3. Teaching specific skills to mitigate biases.

Workplace Strategies4,5

  1. Getting more information about a case before making a diagnosis.
  2. Metacognition describes the process of reflecting on one’s own thought process and decision-making behavior.2 The ability to step back and observe your thinking may help.
  3. Slowing down strategies by making a conscious effort to slow down to avoid premature closure.
  4. Mindfulness techniques help focus attention and reduce diagnostic errors.
  5. Second opinion or “fresh set of eyes” of a trusted colleague during a challenging case.
  6. Improving feedback on clinical decisions to reduce feedback bias.
  7. Avoid cognitive overload, fatigue, and sleep deprivation.
  8. Ready availability of protocols and clinical guidelines to reduce variance.
  9. Incorporating checklists, cognitive aids, and clinical decision support tools into electronic medical records.

Cognitive Forcing Functions4,5

Cognitive forcing functions are rules that require the clinician to internalize and deliberately consider alternative options. Some examples include:

  1. Checklists such as surgical safety checklists or central line insertion checklists.
  2. Rule out the worst-case scenario is a simple strategy to avoid missing important diagnoses.
  3. Standing rules- a given diagnosis cannot be made unless other must-not-miss diagnoses have been ruled out.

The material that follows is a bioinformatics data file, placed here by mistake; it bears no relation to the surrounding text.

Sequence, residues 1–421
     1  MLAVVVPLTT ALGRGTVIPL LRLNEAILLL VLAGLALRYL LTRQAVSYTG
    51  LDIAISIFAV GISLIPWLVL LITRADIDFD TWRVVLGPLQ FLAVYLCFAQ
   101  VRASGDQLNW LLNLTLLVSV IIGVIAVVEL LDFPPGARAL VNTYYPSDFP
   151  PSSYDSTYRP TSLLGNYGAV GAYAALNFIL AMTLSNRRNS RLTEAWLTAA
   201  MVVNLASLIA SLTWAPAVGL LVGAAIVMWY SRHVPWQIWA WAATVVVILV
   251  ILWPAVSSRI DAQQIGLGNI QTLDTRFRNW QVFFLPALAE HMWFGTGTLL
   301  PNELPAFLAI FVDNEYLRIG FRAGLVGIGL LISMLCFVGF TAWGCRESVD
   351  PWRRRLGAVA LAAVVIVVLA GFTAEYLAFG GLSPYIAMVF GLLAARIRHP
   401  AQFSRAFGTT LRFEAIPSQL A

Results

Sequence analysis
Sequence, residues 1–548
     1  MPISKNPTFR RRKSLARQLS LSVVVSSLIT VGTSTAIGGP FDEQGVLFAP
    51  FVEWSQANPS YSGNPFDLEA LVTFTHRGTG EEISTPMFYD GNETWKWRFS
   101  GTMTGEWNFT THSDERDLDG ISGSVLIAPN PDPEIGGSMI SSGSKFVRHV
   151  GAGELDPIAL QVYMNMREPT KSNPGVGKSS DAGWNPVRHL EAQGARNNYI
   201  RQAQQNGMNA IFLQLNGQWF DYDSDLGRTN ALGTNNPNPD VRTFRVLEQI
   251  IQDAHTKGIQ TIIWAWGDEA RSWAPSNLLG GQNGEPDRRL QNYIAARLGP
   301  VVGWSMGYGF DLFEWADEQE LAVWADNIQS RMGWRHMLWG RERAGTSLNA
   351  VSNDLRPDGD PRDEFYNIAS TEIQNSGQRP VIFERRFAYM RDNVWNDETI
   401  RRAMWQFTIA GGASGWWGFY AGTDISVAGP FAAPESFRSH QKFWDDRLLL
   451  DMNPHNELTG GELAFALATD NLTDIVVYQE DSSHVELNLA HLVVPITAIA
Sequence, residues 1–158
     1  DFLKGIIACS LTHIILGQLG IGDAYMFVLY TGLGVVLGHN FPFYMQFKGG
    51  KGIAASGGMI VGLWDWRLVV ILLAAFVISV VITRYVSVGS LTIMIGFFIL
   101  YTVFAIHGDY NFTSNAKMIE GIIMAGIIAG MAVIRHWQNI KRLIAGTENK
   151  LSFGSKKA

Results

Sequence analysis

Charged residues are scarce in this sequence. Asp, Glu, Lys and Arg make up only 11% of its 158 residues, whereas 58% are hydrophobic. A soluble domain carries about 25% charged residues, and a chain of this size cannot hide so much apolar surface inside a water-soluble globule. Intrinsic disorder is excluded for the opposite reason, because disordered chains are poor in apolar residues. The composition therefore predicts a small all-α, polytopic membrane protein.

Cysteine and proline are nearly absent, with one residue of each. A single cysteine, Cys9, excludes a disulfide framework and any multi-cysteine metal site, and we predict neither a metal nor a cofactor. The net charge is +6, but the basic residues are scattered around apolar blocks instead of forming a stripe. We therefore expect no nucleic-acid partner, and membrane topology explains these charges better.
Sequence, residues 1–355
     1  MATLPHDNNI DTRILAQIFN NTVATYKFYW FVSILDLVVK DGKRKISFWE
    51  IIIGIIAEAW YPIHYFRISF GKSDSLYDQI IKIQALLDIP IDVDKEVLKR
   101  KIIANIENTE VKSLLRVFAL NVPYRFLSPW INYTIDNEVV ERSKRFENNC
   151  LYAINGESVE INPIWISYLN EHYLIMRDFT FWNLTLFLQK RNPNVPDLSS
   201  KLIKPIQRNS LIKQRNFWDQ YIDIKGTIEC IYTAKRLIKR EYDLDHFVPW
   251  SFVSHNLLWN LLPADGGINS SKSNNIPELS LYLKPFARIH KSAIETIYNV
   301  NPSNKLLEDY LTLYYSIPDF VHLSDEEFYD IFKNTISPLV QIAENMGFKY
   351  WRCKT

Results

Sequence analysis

4. Prospective hindsight: clinician imagines a future in which his or her decision is wrong and then answers the question, “What did I miss?”
  5. Stopping rules: when enough information has been gathered to make an optimal decision.
  • While all of us are prone to develop cognitive “short cuts” to speed and simplify decision-making, it is important to appreciate the capacity for error. A diagnosis is often merely a hypothesis, and we must take care to consider additional possibilities even as we actively manage its most immediate effects. Design of tools and processes to decrease cognitive load are particularly helpful within the clinical practice of anesthesiology as clinical situations are quite dynamic and often urgent. The impacts of time pressure, workload, task complexity and other performance-shaping factors on our ability to make important decisions quickly should not be underestimated.


  1. Steigler MP, Neelankavil JP, Canales C, et al. Cognitive errors detected in anaesthesiology: a literature review and pilot study. Br J Anaesth. 2012;108(2): 229-35. Link
  2. Steigler MP, Tung A. Cognitive processes in anesthesiology decision making. Anesthesiology. 2014; 120:204-17. Link
  3. Croskerry P, Singhal G, Mamede S. Cognitive debiasing 1: origins of bias and theory of debiasing. BMJ Qual Saf. 2013;22: ii58-64. Link
  4. Webster CS, Taylor S, Weller JM. Cognitive biases in diagnosis and decision-making during anaesthesia and intensive care. BJA Education. 2021;21(11): 420-25. Link
  5. Croskerry P, Singhal G, Mamede S. Cognitive debiasing 2: impediments to and strategies for change. BMJ Qual Saf. 2013;22: ii65-72. Link